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Excerpt from Oral History Interview with Robert Giles, September 10, 1987. Interview C-0063. Southern Oral History Program Collection (#4007) See Entire Interview >>

Despite Lake's anti-desegregation language, state politicians supported his right to free speech

Giles explains how I. Beverly Lake fanned racial tensions. Although Governor Luther Hodges and Attorney General William Rodman Jr. opposed his rabid anti-integrationist rhetoric, they refused to bend to the NAACP's demand to fire Lake. The governor and attorney general argued that Lake was entitled to his First Amendment rights. Giles assesses Lake as a political expedient, using his pro-segregationist fervor for political gain.

Citing this Excerpt

Oral History Interview with Robert Giles, September 10, 1987. Interview C-0063. Southern Oral History Program Collection (#4007) in the Southern Oral History Program Collection, Southern Historical Collection, Wilson Library, University of North Carolina at Chapel Hill.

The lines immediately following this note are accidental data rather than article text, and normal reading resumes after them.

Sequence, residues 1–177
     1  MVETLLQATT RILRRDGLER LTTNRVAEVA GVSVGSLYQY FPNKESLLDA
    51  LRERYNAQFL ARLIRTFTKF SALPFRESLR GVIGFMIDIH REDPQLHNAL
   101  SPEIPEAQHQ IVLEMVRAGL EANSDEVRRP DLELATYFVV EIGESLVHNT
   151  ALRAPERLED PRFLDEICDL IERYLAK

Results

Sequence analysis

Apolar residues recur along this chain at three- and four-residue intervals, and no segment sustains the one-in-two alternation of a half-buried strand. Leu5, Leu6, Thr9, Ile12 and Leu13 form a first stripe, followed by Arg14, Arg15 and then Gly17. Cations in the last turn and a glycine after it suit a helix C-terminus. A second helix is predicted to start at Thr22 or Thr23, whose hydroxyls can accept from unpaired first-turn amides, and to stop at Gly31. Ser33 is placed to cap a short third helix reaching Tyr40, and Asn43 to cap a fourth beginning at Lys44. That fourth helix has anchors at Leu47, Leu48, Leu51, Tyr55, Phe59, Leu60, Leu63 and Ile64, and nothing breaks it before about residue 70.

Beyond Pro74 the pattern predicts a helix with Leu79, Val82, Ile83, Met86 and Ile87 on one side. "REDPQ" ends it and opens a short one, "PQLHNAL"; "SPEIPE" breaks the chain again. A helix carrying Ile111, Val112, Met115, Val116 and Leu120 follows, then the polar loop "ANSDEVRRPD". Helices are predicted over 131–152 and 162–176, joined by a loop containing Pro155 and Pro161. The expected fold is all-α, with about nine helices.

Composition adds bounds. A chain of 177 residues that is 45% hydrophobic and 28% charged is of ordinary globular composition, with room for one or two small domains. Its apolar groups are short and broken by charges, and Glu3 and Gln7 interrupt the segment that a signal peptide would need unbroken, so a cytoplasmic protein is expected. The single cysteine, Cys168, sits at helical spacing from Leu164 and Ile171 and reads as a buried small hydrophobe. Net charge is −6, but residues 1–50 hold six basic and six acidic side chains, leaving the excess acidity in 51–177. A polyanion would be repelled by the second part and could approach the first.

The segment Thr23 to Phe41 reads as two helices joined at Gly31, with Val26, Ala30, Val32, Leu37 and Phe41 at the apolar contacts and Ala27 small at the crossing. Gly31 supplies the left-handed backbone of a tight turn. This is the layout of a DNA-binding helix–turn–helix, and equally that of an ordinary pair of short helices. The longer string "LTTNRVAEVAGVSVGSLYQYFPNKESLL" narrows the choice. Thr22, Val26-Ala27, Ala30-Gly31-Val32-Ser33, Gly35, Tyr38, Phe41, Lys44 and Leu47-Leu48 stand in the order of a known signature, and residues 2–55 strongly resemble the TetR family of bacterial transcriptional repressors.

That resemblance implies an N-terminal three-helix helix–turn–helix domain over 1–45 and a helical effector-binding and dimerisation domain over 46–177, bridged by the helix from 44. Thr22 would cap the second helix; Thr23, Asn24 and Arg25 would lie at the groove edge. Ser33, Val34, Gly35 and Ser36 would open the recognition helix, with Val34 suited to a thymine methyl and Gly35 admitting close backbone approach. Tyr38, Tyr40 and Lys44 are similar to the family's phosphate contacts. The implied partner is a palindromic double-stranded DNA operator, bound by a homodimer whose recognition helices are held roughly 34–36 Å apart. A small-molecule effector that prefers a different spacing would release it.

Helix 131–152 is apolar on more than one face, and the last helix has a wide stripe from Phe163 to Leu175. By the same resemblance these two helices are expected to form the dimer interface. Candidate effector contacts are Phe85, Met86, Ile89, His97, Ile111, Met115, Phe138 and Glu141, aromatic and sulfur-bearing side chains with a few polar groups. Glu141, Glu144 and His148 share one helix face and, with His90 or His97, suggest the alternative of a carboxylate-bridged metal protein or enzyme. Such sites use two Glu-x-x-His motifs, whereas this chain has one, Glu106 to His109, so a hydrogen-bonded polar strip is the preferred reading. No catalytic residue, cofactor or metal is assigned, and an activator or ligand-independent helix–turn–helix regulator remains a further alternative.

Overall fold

Full Text of the Excerpt

JAMES JENKINS:
I think one thing that maybe ought to be clarified. During this period, based on my conversations with other people, I. Beverly Lake was also on the attorney general's staff. He, of course, took exception and later ran for governor in 1960 and '64 on a largely segregationist platform. What was his role with the Pearsall Commission?
ROBERT GILES:
Well, when I moved from Chapel Hill to Raleigh in August, '55 to be assistant attorney general, initially my office was in the Revenue Building across the street from the Justice Building where the attorney general was. I was there in the suite of rooms assigned to the attorney general. In that suite of rooms we had I. Beverly Lake, who at the time—since he had joined the office when Mr. McMillan was attorney general—had given a lot of attention to utilities cases; Harry McGregor; Sam Barron; and myself. All of us worked some on state tax matters of one sort or the other and on a variety of things. I do not recall then that Lake had any assignment on the attorney general's staff to help us in the school business at the time. He did not, not with the attorney general's office.
JAMES JENKINS:
He was just acting as an individual, individual criticism.
ROBERT GILES: